Carnival games exist to make money. In fact, a small carnival can pull in around $20k a day on their games alone. These simple games keep fairs and carnivals afloat by making you think you can win a big stuffed animal for your girlfriend when, in reality, they are nearly impossible. Just about everyone has lost money (some of us, a lot of money) trying to win these games. Now you don’t have to work so hard.
YouTuber Mark Rober went to a local carnival for a day and took gathered data on 24 different games: how many people played vs. how many people won, what prizes they won, took measurements , and assessed which games are worth your time and which games are flat-out scams.
He divides the games into three categories:
1. Random Chance Games: These are the games where you are tossing ping pong or whiffle balls into cups. There’s no strategy to these games but you could win. If you have no skills go here, but you will lose. I don’t mean you won’t win a prize, but even if you “win” on your first try, you will pay $1.50 for a $0.45 prize. The average person played these games five times to win once, which means they payed around $8 for a $0.45 prize.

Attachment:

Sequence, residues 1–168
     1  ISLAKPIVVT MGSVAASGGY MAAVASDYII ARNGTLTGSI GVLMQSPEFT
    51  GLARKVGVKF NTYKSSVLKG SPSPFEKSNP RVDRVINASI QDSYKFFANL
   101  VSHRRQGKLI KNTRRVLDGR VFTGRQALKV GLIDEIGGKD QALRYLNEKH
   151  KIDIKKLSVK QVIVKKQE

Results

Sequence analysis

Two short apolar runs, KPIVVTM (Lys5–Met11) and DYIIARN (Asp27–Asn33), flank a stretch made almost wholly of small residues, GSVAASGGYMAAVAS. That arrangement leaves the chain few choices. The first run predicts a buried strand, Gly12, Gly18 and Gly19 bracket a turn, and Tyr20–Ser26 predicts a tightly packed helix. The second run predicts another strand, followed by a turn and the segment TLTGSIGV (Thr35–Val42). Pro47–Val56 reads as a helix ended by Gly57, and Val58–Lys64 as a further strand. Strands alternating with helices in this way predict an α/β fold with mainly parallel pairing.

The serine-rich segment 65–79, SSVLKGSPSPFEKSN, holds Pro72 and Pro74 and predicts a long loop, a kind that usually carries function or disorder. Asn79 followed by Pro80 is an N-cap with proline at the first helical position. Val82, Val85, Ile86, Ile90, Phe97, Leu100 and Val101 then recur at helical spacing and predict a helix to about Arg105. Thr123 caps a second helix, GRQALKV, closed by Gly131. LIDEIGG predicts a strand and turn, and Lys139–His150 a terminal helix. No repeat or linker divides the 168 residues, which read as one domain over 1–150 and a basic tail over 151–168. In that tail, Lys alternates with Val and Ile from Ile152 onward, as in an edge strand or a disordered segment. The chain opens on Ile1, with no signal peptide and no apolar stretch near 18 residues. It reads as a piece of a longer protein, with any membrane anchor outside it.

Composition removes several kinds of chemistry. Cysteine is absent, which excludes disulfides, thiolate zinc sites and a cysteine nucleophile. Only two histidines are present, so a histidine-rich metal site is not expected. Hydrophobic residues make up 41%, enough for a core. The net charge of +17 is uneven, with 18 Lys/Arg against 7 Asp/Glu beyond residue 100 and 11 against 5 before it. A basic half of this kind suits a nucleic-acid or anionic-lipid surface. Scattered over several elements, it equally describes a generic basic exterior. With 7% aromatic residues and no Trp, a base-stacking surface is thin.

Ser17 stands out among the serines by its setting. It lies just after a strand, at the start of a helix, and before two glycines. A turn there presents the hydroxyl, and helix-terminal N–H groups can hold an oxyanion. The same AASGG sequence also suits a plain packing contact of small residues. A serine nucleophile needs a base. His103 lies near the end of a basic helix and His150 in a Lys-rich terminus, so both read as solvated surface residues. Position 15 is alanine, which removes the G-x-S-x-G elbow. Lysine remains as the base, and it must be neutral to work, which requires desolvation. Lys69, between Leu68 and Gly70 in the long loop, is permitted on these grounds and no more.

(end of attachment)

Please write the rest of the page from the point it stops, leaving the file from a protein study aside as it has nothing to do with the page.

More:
2. Skill Games: These are your best shot at winning and only require a little skill or strategy. This is where you should live on the midway. But know that things are not what they appear. For example:
- the basketball toss is set up for good shooters to miss short, because the goal is one foot higher and four feet further away than a standard 3-pointer.
- The beer-pong toss table is tilted forward.
- The Pitching Speed radar gun registers about 10-15 mph slow
3. Impossible games: No one won these games the day Rober tracked them. These are the big ones like the ladder climb, the BB Gun Star Shooter (120 tries, no winner), and the ring toss (800+ throws, no winners). These are borderline scams. But Rober does spend a lot of time on the ladder game and found a trick that could help you win.
His big rule of thumb at the carnival: Don’t stop at booths with huge prizes.